Adam Hijazi, the general manager at Long Beach Green Room, woke up bright and early Friday morning, Aug. 31, to pick up his permit allowing his shop to finally sell recreational weed.

His shop at 1735 E. 7th St. was one of four cannabis dispensaries in Long Beach that received the official green light to begin selling recreational marijuana.

The others:

Customers slowly trickled in after the shop’s 9 a.m. opening.

Jeff, who asked not to give his last name or to have his photo taken, stopped by the shop with his medical card but his purchases are “recreational as well.” He said it’s good to see recreational sales finally become legal.

“I could never bring people here because they never had medical cards or anything,” he said. “Now I’ve got a lot of people I’m going to start bringing out here.”

Luis Martinez, a medical patient and long-time customer at the Green Room, said the opening up of recreational sales won’t affect him personally, but he’s seen a lot of people being turned away here, so he’s glad the business won’t have to do that anymore.

Hijazi spoke to that, as well.

At Connected Cannabis, on the first day the pot store is allowed to sell recreational marijuana, Friday, Aug. 31. (Photo by Chris Haire, The Press-Telegram)

“So many people still don’t know” about the complex regulations surrounding recreational weed, he said. “It’s going to take a while. We’ve been saying ‘no’ to people since January 1, and it’s going to take a while for the word to get out.”

Regardless, Hijazi said on Friday morning the uptick in business was already noticeable.

“It’s been a really busy morning,” he said. “It’s not normally like this.”

Although many of the customers were medical patients, he said at least five or six of more than a dozen customers in the shop’s first hour of recreational sales were there to engage in the newly legal transactions.

While Long Beach’s adult-use cannabis ordinance allowing recreational sales went into effect on Aug. 13, there had been no dispensaries with a permit to do so. Because of that, medical marijuana has been the only product dispensaries could legally sell, and patients must be at least 18, have a government ID and a doctor’s recommendation to partake.

Under Long Beach’s regulations, 32 dispensaries are allowed to operate. The city originally chose the businesses that would be allowed to sell medical marijuana through lotteries. The same dispensaries that won the right to sell medical marijuana are also the only businesses that were allowed to apply to sell recreational cannabis.

Long Beach Green Room was the first dispensary in the city that was licensed to sell medical marijuana, and it was also the first to get the OK to sell recreational pot after it passed a Thursday inspection.

Further north, The Station was also buzzing with new customers on Friday. General manager Ramin Lotfi said he welcomes the influx, about 90 percent of which were buying for recreation, he said.

“It’s probably been the busiest morning we’ve had since July 1,” Lotfi said. “So it looks promising.”

One of those new customers, who goes by Sandro but asked not to use his full name, said he lives in Long Beach and has been a recreational cannabis user for a while.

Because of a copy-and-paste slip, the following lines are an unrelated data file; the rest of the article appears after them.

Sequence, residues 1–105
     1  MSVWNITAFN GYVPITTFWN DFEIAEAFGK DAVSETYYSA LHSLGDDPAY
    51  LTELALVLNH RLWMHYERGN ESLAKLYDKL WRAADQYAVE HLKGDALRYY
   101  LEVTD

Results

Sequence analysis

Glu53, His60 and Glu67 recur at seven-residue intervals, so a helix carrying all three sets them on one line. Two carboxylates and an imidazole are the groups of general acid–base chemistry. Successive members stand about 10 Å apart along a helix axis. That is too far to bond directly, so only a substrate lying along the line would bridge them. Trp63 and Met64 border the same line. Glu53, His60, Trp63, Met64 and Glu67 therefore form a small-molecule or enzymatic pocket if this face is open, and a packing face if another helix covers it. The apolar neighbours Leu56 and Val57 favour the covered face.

“Usually I have to go all the way to Santa Ana,” the closest city where recreational sales have been legal, Sandro said. “So this is much more convenient. … I’d also rather have my tax money going to my community instead of Santa Ana, because I don’t live there.”

John A., who declined to give his full name because he works in a bank, also stopped by The Station. He grew up in Long Beach but lives in Baltimore now and was in town visiting family.

“My parents live right around the corner. I come back every year just to visit,” he said.

When he made a call to The Station this morning, he didn’t realize it was the first day of recreational sales.

“It’s awesome, though,” he said.

Over at Connected Cannabis in Belmont Store, three customers walked in within the first 20 minutes of the store’s opening. “We’re pumped,” said the store’s general manager Nathan Davit.

Davit described the dispensary as an Apple store meets a jewelry store, with products – ranging from bath bombs to vapes – encased in glass.

“We’re excited to be able to help customers who have never stepped foot in a dispensary before,” Davit said.

Customer Kathy, 70, has bought medical marijuana at Connected Cannabis for a year. “I feel comfortable there,” she said.

The owner of One Love Beach Club on Broadway, meanwhile, said his dispensary had a line of about 20 people before the doors opened at 9 a.m.

By 10:30, about 50 customers had strolled in – half as recreational customers, said owner Jeremy Abrams. Much like a contemporary brewery, One Love has a list of marijuana strains, with prices and THC percentage on an electronic board behind the counter.

Kimo Kim, 61, has been going to Connected since he started using marijuana last year to lower his blood pressure. But as he walked down Broadway Friday morning, he saw One Love and decided to go in.

“I’m still a neophyte, so I just got chocolate,” Kim said.

When asked whether he thought One Love and other pot shops being allowed to sell marijuana medicinally is a good thing, he shrugged.

“It’s America,” Kim said. “I think it’s cool.”